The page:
A fighting fund to bring a painting of a Doncaster area boxing champ home is hoping to pack a real punch.
Doncaster Museum has been offered the opportunity to purchase a painting of the legendary local boxer James William ‘Iron’ Hague, who was a triple British heavyweight boxing champion in the early 1900s.
The painting, which is in oil on canvas, depicts Hague in typical pugilistic stance, and was probably painted in 1909 to celebrate his victory over Gunner Jim Moir to claim the British heavyweight boxing title.
Hague, who was born in Mexborough, was British heavyweight boxing champion between 1909 and 1911, defending his title three times.
The painting is on long term loan at Cusworth Hall Museum from Iron Hague’s family where it has been admired greatly by members of the public.
Doncaster Museum is currently putting together a grant application for half the £2,500 cost to try and bring the painting to Doncaster on a permanent basis and prevent it from being sold into private hands.
The museum is also appealing to members of the general public to make pledges of financial support to help the fighting fund and so far nearly £600 has been donated.
Councillor Bob Johnson, Cabinet Member for Culture and Tourism, said: “This painting of Mexborough-born boxing legend James William ‘Iron’ Hague is proving a popular exhibit at Cusworth Hall Museum.
“With Doncaster celebrating its first world boxing champion earlier this year when Jamie McDonnell was crowned IBF bantamweight champion, it would be wonderful if we could raise the funds to keep this painting which recognises one of our earlier boxing heroes on public display.”
The fighter acquired his nickname of ‘Iron’ during his schooldays.
After being hit over the head when involved in a playground spat he wrapped his school scarf round the wound, held it in place with his school cap and proceeded to his next lesson.
On entering the class he was asked by his teacher to remove the cap.
Seeing the size of the wound, and the fact that young Hague had patched it up himself, the teacher said: “you must be made of Iron lad,” - and the name stuck.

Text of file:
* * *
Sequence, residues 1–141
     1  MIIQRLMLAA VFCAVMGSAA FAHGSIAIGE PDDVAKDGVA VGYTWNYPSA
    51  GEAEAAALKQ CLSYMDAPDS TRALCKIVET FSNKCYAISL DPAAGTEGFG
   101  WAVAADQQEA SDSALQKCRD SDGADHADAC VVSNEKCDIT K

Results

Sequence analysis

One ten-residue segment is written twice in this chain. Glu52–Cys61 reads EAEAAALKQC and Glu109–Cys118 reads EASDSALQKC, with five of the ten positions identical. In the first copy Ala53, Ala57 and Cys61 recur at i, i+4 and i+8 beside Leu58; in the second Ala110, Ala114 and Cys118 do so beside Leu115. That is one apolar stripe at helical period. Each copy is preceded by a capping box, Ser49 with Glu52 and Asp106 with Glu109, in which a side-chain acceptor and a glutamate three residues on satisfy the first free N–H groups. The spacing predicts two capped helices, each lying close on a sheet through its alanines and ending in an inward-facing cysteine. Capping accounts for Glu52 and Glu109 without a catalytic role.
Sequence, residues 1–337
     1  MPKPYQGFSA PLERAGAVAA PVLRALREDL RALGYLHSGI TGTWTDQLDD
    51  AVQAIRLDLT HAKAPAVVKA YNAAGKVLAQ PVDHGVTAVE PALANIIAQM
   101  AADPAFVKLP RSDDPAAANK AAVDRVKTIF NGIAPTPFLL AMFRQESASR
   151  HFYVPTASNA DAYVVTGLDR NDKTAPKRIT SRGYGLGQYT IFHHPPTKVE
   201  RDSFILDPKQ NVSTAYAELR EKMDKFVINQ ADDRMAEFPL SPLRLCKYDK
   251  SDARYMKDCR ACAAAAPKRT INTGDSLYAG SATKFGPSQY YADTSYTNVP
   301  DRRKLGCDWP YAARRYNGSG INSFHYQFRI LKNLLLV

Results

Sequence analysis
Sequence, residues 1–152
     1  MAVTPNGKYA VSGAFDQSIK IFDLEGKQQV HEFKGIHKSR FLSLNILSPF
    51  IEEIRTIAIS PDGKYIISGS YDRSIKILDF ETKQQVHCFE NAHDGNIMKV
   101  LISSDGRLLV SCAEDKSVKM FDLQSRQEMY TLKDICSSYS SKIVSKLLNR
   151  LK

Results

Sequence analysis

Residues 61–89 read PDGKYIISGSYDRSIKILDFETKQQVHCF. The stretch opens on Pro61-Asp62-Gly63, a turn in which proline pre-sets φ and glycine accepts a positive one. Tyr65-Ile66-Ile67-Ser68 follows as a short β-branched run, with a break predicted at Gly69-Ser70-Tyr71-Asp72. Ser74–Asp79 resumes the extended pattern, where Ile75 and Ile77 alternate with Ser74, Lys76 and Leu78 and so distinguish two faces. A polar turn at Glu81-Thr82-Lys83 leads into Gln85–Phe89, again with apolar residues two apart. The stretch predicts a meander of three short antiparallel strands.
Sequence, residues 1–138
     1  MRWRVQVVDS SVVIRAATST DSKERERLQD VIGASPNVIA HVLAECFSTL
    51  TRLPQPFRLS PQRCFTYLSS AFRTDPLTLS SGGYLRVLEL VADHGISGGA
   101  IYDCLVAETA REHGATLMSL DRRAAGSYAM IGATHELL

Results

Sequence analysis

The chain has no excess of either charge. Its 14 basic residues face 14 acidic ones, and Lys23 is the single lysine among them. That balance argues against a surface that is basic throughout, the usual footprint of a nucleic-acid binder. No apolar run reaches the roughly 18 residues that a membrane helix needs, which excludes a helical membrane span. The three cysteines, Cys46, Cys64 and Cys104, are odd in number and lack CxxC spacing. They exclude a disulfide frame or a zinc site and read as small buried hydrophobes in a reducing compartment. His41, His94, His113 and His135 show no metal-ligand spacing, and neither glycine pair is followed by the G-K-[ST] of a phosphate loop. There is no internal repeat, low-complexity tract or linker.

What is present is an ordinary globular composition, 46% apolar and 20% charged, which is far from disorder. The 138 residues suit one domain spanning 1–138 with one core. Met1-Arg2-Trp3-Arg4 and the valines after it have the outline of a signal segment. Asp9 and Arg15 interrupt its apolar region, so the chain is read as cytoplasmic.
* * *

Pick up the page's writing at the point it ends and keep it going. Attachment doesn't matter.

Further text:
He also refused to cry during canings at school and earned his first boxing purse as 14-year-old in 1899 when he beat the resident champion in a fairground boxing booth.
He also enjoyed early success organising bare knuckle fights on the canal bank in Mexborough and trained for fights on a diet of chips and beer.
And Irish tenor “Count” John MaCormack was such a fan that he received blow by blow reports by telephone in his dressing room at Covent Garden during performances of Rigoletto.
He also served in the First World War and spent the rest of his life in Mexborough.
To pledge, contact Neil McGregor on 01302 734295 or email Neil.email@example.com.
IRON HAGUE: A POTTED HISTORY
James William ‘Iron’ Hague became Yorkshire champion in 1905, defeating Dick Parkes at Doncaster.
He then went on to beat a steady stream of English heavyweights, many by knockouts.
It was on April 19, 1909 that ‘Iron’ Hague met Gunner Moir in the ring of the National Sporting Club to fight for the English heavyweight boxing title.
The fight ended in a knock-out to Hague after just 2mins 47secs.
It was reported that around 2,000 people stood outside the Sheffield Telegraph Newspaper Office in Mexborough waiting for news of the fight, and his homecoming saw thousands lining the streets.
Hague defended his title three times, before he was defeated by Bombadier Billy Wells in 1911. This fight was for the first Lonsdale Belt
He saw active service in the First World War, both on the Somme and at Passchendaele, returning to Mexborough afterwards suffering from the effects of mustard gas.
Apart from a spell as resident handyman at Graingers Holiday Camp in the 1930s he spent the remainder of his life in Mexborough, where he worked as a barman in the local pubs.
Hague died on August 18 1951, aged 66 in his daughter’s arms and is buried in Mexborough Cemetery.